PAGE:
From classes focusing on the environment to our renowned café that serves regional, organic and seasonal food, Ross students learn to become aware of their natural surroundings. Conservation is woven into the curriculum as the School continues to change the way education meets the future.
Surrounded by acres of woodlands, farms and coastal beaches, the Ross campus is the perfect natural laboratory for learning. Core classes and electives in ornithology, field ecology, entomology, marine science, green chemistry and sustainability are supplemented by independent research, field trips and service projects which allow students to explore and develop environmentally conscious practices.
Ross Lower School encourages sustainable living practices starting with Early Childhood, as students help care for the School’s organic vegetable garden. From planting seeds to harvesting crops, students connect with the land, learn about nutrition and develop a lifelong commitment to protect the environment.
|Natural Resources: Middle School Earth Day |
Ross Middle School students honored Earth Day last week with a variety of activities including measuring their carbon footprint; working in the Spiral Garden and more.
|Eco-Friendly: Lower School Earth Week|
National Earth Week was celebrated by schools across the country last week, and at Ross Lower School, students and teachers discussed the importance of caring for the environment in addition to working on a habitat restoration project.
|Slow Food: Garden Party Fundraiser|
A potluck garden party was held on a beautiful evening in the Ross Spiral Garden on April 20. The event raised money for the care and upkeep of the School garden.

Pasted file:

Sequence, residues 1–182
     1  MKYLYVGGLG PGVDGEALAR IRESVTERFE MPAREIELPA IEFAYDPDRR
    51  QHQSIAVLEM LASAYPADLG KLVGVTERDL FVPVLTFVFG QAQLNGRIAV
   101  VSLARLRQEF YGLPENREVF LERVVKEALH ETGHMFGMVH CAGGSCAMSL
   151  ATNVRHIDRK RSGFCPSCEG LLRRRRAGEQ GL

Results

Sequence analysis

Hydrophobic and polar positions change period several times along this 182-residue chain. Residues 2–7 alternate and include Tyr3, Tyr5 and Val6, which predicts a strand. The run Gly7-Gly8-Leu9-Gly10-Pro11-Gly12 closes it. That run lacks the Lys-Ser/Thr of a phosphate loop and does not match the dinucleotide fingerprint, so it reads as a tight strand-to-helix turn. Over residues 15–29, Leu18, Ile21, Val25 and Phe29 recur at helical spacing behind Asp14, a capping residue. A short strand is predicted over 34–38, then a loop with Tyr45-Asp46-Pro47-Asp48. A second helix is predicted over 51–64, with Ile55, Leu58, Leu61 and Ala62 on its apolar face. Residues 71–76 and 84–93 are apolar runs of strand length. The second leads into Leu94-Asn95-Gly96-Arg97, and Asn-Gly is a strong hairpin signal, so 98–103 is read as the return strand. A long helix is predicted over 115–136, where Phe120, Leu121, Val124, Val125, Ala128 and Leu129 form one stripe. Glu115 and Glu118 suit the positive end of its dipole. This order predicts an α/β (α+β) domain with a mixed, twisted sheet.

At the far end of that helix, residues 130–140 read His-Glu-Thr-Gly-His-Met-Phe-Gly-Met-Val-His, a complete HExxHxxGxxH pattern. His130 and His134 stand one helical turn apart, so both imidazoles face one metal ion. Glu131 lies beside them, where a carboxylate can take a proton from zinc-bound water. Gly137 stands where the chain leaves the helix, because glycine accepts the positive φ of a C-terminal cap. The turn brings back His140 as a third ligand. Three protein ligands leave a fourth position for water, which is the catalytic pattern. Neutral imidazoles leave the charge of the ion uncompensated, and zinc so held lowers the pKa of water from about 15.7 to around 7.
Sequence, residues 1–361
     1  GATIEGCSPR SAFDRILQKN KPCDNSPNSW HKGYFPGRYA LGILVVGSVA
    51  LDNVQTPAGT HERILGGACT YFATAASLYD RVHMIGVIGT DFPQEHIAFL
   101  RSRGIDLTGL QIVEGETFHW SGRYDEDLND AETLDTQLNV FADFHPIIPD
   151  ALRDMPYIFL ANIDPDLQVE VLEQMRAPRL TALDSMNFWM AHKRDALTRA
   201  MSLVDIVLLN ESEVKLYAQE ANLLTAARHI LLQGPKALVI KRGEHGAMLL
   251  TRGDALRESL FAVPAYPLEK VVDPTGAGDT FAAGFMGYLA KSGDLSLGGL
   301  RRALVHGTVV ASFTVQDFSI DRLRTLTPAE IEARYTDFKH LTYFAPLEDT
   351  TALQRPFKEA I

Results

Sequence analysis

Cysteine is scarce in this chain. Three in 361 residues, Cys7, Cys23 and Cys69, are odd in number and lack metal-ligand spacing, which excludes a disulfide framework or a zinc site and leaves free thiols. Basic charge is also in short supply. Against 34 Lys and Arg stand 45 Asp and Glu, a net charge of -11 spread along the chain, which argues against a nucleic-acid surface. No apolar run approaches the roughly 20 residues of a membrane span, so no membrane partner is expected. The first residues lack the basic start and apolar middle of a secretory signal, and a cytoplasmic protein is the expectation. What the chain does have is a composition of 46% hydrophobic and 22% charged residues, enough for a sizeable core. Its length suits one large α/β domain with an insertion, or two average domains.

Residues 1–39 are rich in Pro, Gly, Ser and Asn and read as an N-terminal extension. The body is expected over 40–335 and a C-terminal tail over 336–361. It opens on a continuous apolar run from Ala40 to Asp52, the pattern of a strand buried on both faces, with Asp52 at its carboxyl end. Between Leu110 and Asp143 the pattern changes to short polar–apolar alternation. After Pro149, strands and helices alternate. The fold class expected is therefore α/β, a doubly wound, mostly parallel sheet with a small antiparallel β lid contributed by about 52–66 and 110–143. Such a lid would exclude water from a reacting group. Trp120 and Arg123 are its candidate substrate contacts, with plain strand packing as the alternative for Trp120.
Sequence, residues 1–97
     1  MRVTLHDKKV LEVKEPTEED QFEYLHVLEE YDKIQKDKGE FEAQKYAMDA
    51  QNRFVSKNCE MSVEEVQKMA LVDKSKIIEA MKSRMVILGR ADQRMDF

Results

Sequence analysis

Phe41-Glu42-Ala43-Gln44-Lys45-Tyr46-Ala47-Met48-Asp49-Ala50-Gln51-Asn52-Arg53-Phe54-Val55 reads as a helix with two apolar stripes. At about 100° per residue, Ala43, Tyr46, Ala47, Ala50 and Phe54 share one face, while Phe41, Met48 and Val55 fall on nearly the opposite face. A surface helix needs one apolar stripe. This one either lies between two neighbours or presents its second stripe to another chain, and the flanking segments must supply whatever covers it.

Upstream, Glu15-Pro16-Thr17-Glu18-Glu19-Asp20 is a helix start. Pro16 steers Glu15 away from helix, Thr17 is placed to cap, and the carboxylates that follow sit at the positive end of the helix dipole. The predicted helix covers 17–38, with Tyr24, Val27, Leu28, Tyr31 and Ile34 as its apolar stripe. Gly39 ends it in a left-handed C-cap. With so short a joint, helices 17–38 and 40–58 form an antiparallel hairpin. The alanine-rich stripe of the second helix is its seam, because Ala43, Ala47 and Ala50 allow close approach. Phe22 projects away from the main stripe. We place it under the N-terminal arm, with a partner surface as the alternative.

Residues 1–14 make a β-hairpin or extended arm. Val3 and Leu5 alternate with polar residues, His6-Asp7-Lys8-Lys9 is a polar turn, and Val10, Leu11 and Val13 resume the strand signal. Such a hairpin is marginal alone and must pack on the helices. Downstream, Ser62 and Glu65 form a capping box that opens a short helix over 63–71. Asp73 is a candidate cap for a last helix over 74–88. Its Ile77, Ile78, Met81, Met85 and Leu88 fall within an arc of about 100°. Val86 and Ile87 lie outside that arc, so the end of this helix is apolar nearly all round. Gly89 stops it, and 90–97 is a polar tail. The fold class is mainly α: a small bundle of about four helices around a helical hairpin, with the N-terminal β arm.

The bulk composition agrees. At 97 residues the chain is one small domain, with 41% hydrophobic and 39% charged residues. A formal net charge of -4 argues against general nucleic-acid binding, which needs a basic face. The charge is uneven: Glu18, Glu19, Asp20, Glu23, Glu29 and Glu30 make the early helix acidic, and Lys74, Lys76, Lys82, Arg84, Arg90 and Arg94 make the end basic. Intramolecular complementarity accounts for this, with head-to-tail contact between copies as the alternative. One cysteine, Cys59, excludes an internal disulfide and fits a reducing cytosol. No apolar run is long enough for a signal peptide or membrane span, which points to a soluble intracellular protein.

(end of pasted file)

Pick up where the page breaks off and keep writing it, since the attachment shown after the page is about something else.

|Hands-on Discovery: Lower School Science Program|
Explore. Discover. Learn. Ross Lower School science teacher Stacy Myers makes hands-on learning a priority in her classroom. “I think experiences imprint into a student’s memory. A stronger experience equals a stronger memory,” she said.
|Studying Ecosystems: 2nd Grade Visits Upper School|
The second grade visited the Upper School on November 2 for a talk with Chef Lisa Smith about natural food cycles. The students toured the School’s composting area and learned about the system to prepare food, from washing the vegetables to serving them in the Café.
|Feeding the Hungry: PreK–4 Gleans Potatoes |
Fusing service with agriculture, students in Pre-K through fourth grade visited Wesnofske Farm in Water Mill on October 22 to glean potatoes left on the field for local food pantries.
|Working the Land: Fifth Grade Visits Farms|
Taking her classroom off campus and into the fields, Barbara Raeder brought the fifth grade to Quail Hill and Mulford Farms on September 30. Corresponding to their studies on the Early Settlement Period, they learned about sustainable land practices and the history of farming.
|LS Receives Check For Agricultural Program|
Family Farm Insurance, a partner with the Long Island Farm Bureau, bestowed a check for $600 to Ross Lower School to be used for its agricultural program. The monies will be used to buy another bed for the garden and mulch.
- Each year Ross students help plant and harvest some of the food served in the Ross Café. They also harvest crops for a local food bank.
- Over 50% of the food served in the Ross Café is from local farmers and businesses.
- Food scraps from the Ross Café are sent to a local farm to compost.
- Students help care for the School’s organic vegetable garden, from seeding to harvesting.
- Ross School is a member of the Green School Alliance.
- Recent student initiatives include reducing energy use on campus, establishing a recycling program on both campuses and a paper/notebook reuse program.
- Buildings on the Ross campus use geothermal heating and cooling.
- Recent Senior Projects include research on alternative fuel sources, water conservation, green architecture, sustainable living practices, organic farming and climate change.
- Ross School has reduced the number of printed materials it sends out, often relying on email and its website to deliver information.
- Paper cups have been eliminated from most water coolers, encouraging the Ross community to opt for reusable water bottles.
- Ross School was awarded a grant for $242,028 by the New York State Energy Research Development Authority (NYSERDA) to install solar panels at the Lower School.